Section 546(A) is a Statute of Limitations and is Not Jurisdictional

The following is a summary of a Minnesota bankruptcy case or a case relevant to Minnesota bankruptcy law.

Minnesota Bankruptcy Case:

Myers v. Raynor (In re Raynor), 2010 WL 3292816 (8th Cir. (Neb.) 8/23/10) (Smith, J.).

Case Summary:

Section 546(A) is a Statute of Limitations and is Not Jurisdictional, So Rule 9006 Applies for Time Computation

The Eighth Circuit Court of Appeals affirms the BAP and the bankruptcy court rulings that the trustee’s avoidance action was timely when filed on the two year anniversary of the petition date. The petition was filed September 13, 2004; the avoidance action was commenced September 13, 2006. The bankruptcy court denied the defendant’s motion to dismiss, and the district court affirmed. The debtor also filed a motion to dismiss and the bankruptcy court denied it. The trustee, debtor, and defendant then filed a stipulated judgment reserving the right to appeal the timeliness issue to the BAP. On that appeal, the BAP declined to revisit the time-bar issue because the district court ruling was the law of the case; but it noted that the court did correctly conclude that the suit was not time barred. On appeal, the Eighth Circuit affirms. Noting that as an appellate court it is not bound by the law of the case, it rules on the merits. Section 546(a) refers to suits commenced after two years after the petition date. After September 13 is September 14, so any action filed before September 14 is timely. The court goes on to address an issue of first impression: whether § 546 is a statute of limitation, in which case the counting rules of Rule 9006 apply; or whether it is jurisdictional, in which case time-computation rules do not apply. The court holds that it is a statute of limitation and that under Rule 9006, the limitation period begins the day after the petition was filed and would end on September 13 – making the adversary proceeding timely. Notwithstanding how § 546 is characterized, Rule 9006 by its plain language applies to any statute that does not specify a method of counting time, including § 546.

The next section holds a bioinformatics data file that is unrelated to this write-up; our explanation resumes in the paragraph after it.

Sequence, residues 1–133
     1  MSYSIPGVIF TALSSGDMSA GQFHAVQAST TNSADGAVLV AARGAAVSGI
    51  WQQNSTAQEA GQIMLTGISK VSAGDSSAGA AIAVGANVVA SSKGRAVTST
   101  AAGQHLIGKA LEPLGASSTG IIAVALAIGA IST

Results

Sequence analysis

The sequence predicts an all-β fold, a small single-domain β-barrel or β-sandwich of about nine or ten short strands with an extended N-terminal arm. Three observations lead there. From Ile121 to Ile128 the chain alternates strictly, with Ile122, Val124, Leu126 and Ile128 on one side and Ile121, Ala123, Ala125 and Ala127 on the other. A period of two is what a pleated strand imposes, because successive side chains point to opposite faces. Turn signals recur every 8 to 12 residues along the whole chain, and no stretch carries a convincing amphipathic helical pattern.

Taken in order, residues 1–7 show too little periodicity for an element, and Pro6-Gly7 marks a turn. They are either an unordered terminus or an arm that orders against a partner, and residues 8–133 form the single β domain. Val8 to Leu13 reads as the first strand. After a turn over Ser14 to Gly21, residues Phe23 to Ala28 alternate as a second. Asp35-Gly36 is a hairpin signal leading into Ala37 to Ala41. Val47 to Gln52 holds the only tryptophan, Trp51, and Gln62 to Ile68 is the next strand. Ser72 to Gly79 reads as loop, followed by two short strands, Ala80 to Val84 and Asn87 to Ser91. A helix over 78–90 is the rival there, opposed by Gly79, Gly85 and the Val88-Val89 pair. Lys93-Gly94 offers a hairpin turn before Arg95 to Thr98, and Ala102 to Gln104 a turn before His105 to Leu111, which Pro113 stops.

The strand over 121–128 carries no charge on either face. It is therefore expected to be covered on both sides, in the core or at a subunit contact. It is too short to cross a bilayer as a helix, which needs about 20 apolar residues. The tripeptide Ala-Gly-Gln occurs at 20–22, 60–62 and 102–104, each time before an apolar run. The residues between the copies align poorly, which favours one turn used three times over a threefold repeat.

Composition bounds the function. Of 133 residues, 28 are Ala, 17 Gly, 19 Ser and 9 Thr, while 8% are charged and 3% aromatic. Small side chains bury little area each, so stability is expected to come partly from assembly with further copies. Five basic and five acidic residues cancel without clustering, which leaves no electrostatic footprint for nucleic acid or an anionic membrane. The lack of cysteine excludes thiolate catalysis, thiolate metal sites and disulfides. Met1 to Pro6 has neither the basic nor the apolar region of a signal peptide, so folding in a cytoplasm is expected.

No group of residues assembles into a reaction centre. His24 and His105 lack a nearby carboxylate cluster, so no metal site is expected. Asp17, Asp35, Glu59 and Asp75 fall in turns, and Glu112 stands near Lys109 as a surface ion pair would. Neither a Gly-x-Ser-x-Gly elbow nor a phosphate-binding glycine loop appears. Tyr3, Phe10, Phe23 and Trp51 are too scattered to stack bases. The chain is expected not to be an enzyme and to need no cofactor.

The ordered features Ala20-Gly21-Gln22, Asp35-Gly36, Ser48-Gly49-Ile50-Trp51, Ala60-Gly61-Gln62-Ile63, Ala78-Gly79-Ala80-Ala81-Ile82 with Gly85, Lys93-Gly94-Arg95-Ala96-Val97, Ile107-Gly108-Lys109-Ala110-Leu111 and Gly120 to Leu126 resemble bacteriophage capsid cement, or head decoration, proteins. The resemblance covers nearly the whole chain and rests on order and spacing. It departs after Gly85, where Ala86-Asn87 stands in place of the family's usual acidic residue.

Credit: The preceding was a summary of a case relevant to Minnesota bankruptcy law. The case summary was prepared by the U.S. Bankruptcy Court through Judge Robert J. Kressel & attorney Faye Knowles.

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